The Secret Chicken

stories of a secret chicken

Accessorize!

April30

I know you’re all thinking that I decided to keep chickens because of the eggs, or because I love animals, or maybe just to drive my roommate nuts, but you are incorrect if you do.

The real reason I wanted chickens?  The fabulous accessories.

First, of course, is the coop.  If I’d had my way, I would have spent close to $2000 on this baby:

After shipping, it’s a spendy little guy.  But so damned cute.  And, it comes in fashion colors!

There are two other models as well, for those with fewer chickens, and the company also makes rabbit hutches, guinea pig hutches, and bee hives (“Beehaus”).  The simplicity of the designs makes me happy, the clean lines and the lack of wood to get soggy and splinter.  The wheels make it even better – you can just tote your chicken house around the yard.    The run also has a specially designed bottom edge, to keep out predators.

The Omlet website is also a great place to find other accessories…and lead me to hunting down more.

Spiral Egg Holder

Like this.  I love it – it’s space saving, and would make it much easier for egg-access.  Unfortunately, America has yet to realize that refrigerating eggs isn’t really necessary, so a lot of this type of item can only be found in the UK or other more civilized countries.

From what I’ve read, as long as the egg is unwashed, they can be left at room temperature for a couple of weeks.  Sounds good to me – I can keep the “give-away” eggs in the fridge, and the “keep” eggs on the counter.

For the record, Eggsafety.org says this:

The general rule is that if food items are at room temperature for more than 2 hours, the safest thing to do is to discard the product. If you leave eggs anywhere that is not refrigerated, the best thing to do is throw those eggs away and buy a new carton.

Wow.  2 hours.

I’ve never been a freak about refrigeration though.  I’ll keep pizza in the oven overnight and eat it the next day, and I haven’t died yet.  I regularly keep my eggs in the collecting basket until I have to take them out to refill it.

Moving on.

This is great:

I don’t like the “got chickens” part so much, it’s one of those things that’s been way over used, but I do appreciate the “my pet made me breakfast” concept.

Even over the winter, I got at least an egg a day.  I take it as a sign that my ladies love me, that they lay in the off-season even.

Now, something for the meter reader:

Chicken Attitude SignIt’s only fair that he get a warning when he enters the back yard, right?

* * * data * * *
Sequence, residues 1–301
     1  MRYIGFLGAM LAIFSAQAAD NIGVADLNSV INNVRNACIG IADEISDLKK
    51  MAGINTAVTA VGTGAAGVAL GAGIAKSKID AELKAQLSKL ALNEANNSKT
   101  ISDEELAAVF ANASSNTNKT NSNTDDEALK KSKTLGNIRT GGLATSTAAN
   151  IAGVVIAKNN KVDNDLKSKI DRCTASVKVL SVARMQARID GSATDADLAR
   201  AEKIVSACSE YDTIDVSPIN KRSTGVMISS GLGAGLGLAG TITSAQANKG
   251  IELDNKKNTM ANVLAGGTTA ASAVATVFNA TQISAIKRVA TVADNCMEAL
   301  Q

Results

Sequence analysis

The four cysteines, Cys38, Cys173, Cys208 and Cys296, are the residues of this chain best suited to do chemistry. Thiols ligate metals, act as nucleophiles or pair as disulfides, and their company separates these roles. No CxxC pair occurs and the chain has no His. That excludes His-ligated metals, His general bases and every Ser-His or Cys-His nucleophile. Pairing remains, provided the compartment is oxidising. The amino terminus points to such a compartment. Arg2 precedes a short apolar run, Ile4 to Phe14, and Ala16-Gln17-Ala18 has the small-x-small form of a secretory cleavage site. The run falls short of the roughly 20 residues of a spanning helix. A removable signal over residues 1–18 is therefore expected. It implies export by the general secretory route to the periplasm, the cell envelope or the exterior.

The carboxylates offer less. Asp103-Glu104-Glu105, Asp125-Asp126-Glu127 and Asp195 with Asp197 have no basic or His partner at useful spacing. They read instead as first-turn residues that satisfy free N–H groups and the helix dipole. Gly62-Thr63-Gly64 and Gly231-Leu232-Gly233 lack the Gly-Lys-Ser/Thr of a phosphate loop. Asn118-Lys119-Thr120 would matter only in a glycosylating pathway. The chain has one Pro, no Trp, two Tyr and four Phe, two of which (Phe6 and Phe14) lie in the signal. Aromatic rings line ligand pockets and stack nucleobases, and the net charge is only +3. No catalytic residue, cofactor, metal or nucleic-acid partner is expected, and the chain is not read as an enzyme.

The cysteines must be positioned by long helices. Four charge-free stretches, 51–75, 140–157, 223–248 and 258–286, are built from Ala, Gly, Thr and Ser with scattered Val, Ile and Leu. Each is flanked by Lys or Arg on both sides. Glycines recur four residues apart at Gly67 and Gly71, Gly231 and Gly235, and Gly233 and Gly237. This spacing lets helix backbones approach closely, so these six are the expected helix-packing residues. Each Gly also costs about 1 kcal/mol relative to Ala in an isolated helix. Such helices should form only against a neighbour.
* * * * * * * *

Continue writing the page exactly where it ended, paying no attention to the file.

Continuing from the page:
My girls are generally shy of strangers, but they don’t always realize at first that it’s not me and come running willy-nilly from all parts of the yard. I imagine that this could be disconcerting for some people.

Although…it could save us some money on the gas bill…

Ok, one final thought.  As Seen On TV:

Egg Genie
WARNING: Clicking image takes you to site with video!

I really like this idea.  Perfect eggs…every time.  Seems like I get them perfectly soft boiled when I need them hard, and vicey-versy.

Besides…it comes with a free Bacon Wave!  I may need to start raising pigs!

Farm Labor

April18

I got some help in the yard today, in the form of 6 happy hens.  There were other animals in the vicinity, but considering them “help” would have been a gross misconception.

I was trying to find the edges of the small round “clearing” in the back yard, which is really just a maybe 6ft across circle of not-as-much-grass.  There is a stump in the middle, where the apple tree was before we moved in.  Like, it was there until days before we moved in.  It apparently fell over.

It’s also where we buried the kittens, when Twink’s first litter got mauled by Lola-dog (not out of viciousness, but out of some strange mothering instinct).  They are buried between the catnip and catmint plants, so they get lots of visitors throughout the day.

Last year, before I lost my job, I had planted all sorts of ground-cover as well, hoping it would grow over the low stump and make sort of a fairy-circle there.  They did really well, until the weather changed and they stopped growing.  The grass and weeds did not stop growing, so it got messy.

So today, I started pulling up handfuls of weeds, throwing them into the chicken enclosure.  Eventually the chickens got brave enough to come help, scratching and tossing, eating bugs and slugs.  Oscar-pug didn’t care for it, tried to charge them a few times, but eventually decided to pee on the last patch of weeds instead, which effectively stopped my weeding project for the day.